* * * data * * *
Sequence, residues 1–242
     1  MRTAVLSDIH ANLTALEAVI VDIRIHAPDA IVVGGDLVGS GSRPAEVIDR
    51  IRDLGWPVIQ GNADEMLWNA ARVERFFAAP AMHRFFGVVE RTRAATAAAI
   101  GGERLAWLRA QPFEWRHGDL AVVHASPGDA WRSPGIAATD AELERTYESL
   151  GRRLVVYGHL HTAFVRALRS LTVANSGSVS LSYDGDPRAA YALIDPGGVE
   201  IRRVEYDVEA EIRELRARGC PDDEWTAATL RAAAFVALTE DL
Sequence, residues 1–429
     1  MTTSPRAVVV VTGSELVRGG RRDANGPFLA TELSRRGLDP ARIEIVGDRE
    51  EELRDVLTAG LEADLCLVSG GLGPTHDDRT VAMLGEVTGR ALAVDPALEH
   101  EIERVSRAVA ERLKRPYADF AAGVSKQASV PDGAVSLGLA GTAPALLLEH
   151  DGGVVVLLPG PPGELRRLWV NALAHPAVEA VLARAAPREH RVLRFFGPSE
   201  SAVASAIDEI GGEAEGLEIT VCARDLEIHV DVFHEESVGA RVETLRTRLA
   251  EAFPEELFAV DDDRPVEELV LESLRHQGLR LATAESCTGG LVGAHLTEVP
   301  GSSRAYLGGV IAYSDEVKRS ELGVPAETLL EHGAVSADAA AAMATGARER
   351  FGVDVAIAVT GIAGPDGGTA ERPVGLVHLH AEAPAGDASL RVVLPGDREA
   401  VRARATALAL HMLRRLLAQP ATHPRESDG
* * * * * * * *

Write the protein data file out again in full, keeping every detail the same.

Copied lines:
Sequence, residues 1–242
     1  MRTAVLSDIH ANLTALEAVI VDIRIHAPDA IVVGGDLVGS GSRPAEVIDR
    51  IRDLGWPVIQ GNADEMLWNA ARVERFFAAP AMHRFFGVVE RTRAATAAAI
   101  GGERLAWLRA QPFEWRHGDL AVVHASPGDA WRSPGIAATD AELERTYESL
   151  GRRLVVYGHL HTAFVRALRS LTVANSGSVS LSYDGDPRAA YALIDPGGVE
   201  IRRVEYDVEA EIRELRARGC PDDEWTAATL RAAAFVALTE DL
Sequence, residues 1–429
     1  MTTSPRAVVV VTGSELVRGG RRDANGPFLA TELSRRGLDP ARIEIVGDRE
    51  EELRDVLTAG LEADLCLVSG GLGPTHDDRT VAMLGEVTGR ALAVDPALEH
   101  EIERVSRAVA ERLKRPYADF AAGVSKQASV PDGAVSLGLA GTAPALLLEH
   151  DGGVVVLLPG PPGELRRLWV NALAHPAVEA VLARAAPREH RVLRFFGPSE
   201  SAVASAIDEI GGEAEGLEIT VCARDLEIHV DVFHEESVGA RVETLRTRLA
   251  EAFPEELFAV DDDRPVEELV LESLRHQGLR LATAESCTGG LVGAHLTEVP
   301  GSSRAYLGGV IAYSDEVKRS ELGVPAETLL EHGAVSADAA AAMATGARER
   351  FGVDVAIAVT GIAGPDGGTA ERPVGLVHLH AEAPAGDASL RVVLPGDREA
   401  VRARATALAL HMLRRLLAQP ATHPRESDG